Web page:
Relative Comparison of the Extent of Drink-Driving by Females and Males in Victoria

Monash University Accident Research Centre - Report #79 - 1995

Authors: N. Mullan, K. Diamantopoulou & M. Cameron

Full report in .pdf format [3.1MB]

Abstract:

This study resulted from random breath tests on Melbourne freeways which indicated that female drink-drivers may be a larger problem than previously thought. It aimed to make a relative comparison of the extent of drink-driving by females and males in Victoria, using data available to the researchers at the time.

Several sets of data on random breath testing were obtained from the Victoria Police. It was confirmed that on Melbourne freeways, during the hours of midnight to 6 am Saturday mornings, there was a relatively high proportion of female drivers with illegal Blood Alcohol Concentration (BAC) for the years 1991 and 1992 compared with male drivers. This difference became less pronounced in subsequent years and on other major roads and at other times of the week the proportion of female drink-drivers with illegal BAC was lower than the male proportions.

Information from Breathalyser operator reports allowed an examination of the characteristics of those drivers apprehended for drink-driving through random breath tests and routine Police checks. For female drink-drivers in Melbourne, those aged 30 to 39 years contributed a high percentage of the females apprehended (38%). Forty-nine percent of these drivers had a relatively low BAC reading of less than 0.100g/100ml and those with managerial or administrative occupations were over-represented. In contrast, a high percentage of the female drink-drivers apprehended in the rest of Victoria had an excessive BAC reading over 0.150g/100ml. Unemployed females were over-represented among those apprehended in the rest of Victoria.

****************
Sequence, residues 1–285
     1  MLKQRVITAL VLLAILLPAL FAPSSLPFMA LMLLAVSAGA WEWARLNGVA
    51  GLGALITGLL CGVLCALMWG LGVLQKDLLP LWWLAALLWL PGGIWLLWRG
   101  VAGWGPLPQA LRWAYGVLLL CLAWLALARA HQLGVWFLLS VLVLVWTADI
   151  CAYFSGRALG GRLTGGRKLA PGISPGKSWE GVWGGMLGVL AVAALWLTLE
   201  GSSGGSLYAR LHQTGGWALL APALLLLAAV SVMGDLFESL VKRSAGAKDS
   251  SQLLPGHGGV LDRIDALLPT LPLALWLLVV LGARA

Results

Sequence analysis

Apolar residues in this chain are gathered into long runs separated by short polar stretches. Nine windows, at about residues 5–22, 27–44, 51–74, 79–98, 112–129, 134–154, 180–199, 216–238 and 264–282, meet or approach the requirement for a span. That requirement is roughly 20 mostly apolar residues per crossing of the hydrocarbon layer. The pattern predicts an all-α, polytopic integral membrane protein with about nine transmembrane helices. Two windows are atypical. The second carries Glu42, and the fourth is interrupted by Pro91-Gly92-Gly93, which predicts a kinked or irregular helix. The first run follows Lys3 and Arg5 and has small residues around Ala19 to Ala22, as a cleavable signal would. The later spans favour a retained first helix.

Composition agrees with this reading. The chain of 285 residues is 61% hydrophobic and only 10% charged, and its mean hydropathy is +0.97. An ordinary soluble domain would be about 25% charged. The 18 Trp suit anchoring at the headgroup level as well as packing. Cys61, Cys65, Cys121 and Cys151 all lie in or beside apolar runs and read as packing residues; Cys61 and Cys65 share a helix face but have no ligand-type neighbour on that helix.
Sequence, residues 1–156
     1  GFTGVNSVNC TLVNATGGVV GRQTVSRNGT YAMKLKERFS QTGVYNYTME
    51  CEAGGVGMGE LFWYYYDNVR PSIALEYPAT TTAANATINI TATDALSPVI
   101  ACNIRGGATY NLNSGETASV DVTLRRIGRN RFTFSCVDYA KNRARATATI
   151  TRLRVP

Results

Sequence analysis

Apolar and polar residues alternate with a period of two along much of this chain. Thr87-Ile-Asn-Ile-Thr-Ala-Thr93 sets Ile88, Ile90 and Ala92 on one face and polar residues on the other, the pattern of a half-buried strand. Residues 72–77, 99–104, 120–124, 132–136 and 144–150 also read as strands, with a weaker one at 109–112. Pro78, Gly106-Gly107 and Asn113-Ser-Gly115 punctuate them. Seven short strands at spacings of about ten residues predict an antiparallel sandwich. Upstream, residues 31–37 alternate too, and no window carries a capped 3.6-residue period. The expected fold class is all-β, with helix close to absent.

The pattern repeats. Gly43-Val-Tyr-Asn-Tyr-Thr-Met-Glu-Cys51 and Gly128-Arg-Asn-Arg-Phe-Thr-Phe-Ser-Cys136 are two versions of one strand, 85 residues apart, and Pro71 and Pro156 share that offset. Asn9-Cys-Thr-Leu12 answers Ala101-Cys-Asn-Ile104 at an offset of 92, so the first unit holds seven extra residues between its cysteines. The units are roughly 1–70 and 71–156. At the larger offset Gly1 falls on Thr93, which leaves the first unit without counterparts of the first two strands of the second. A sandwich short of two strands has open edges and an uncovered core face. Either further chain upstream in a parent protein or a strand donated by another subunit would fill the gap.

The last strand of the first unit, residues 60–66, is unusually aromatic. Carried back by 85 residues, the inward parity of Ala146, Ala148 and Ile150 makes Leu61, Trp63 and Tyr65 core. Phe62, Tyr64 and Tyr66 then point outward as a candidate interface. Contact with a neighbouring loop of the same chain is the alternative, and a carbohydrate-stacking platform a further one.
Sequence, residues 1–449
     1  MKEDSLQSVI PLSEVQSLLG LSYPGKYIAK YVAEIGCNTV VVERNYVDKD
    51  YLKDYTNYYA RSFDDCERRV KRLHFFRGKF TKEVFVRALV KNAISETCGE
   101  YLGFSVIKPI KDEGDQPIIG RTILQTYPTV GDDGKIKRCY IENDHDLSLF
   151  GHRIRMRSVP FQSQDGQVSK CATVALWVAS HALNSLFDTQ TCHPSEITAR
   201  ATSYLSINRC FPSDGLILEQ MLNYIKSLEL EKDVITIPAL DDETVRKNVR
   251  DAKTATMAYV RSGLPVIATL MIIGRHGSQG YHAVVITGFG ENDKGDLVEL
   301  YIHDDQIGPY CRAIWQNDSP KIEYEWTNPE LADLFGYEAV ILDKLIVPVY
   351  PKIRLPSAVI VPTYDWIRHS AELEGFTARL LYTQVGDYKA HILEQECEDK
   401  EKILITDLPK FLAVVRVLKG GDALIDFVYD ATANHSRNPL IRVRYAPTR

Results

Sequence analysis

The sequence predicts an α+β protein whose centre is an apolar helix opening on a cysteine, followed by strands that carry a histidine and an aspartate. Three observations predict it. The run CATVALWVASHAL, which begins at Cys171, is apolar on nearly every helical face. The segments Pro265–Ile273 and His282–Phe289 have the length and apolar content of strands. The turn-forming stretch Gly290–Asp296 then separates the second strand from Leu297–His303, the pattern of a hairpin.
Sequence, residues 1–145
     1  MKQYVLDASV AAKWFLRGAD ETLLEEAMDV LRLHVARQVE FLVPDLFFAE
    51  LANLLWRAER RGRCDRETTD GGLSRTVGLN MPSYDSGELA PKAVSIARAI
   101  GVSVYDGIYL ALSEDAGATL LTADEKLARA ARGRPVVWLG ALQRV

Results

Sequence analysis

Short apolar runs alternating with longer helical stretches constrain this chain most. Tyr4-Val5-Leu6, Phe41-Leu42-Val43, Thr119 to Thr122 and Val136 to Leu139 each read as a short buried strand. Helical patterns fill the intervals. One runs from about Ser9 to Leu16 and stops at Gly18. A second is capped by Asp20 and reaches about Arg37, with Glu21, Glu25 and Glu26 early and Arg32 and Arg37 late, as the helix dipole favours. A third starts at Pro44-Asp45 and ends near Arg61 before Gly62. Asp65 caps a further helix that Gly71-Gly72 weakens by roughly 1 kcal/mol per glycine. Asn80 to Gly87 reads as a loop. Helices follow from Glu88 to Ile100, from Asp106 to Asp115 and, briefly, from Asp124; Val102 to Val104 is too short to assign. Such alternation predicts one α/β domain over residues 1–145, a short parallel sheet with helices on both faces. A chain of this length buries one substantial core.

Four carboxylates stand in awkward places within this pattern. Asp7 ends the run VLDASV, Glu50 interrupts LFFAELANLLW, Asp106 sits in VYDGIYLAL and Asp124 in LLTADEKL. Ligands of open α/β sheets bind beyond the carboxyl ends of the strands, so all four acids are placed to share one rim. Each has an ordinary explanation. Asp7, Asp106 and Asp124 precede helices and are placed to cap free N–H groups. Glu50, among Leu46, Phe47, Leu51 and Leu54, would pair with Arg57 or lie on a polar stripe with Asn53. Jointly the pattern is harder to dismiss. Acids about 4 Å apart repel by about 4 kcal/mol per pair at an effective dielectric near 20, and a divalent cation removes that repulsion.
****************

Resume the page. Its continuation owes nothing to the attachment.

Trends in the proportion of drivers killed in Victoria with illegal BAC were analysed for the ten year period 1984-1993. Female drivers showed a sharp decrease in this proportion during 1992 yet males did not show the same significant change. It was concluded that the record drop in the proportion of drivers killed with illegal BAC in 1992 was largely due to the substantial reduction in female drink-drivers killed.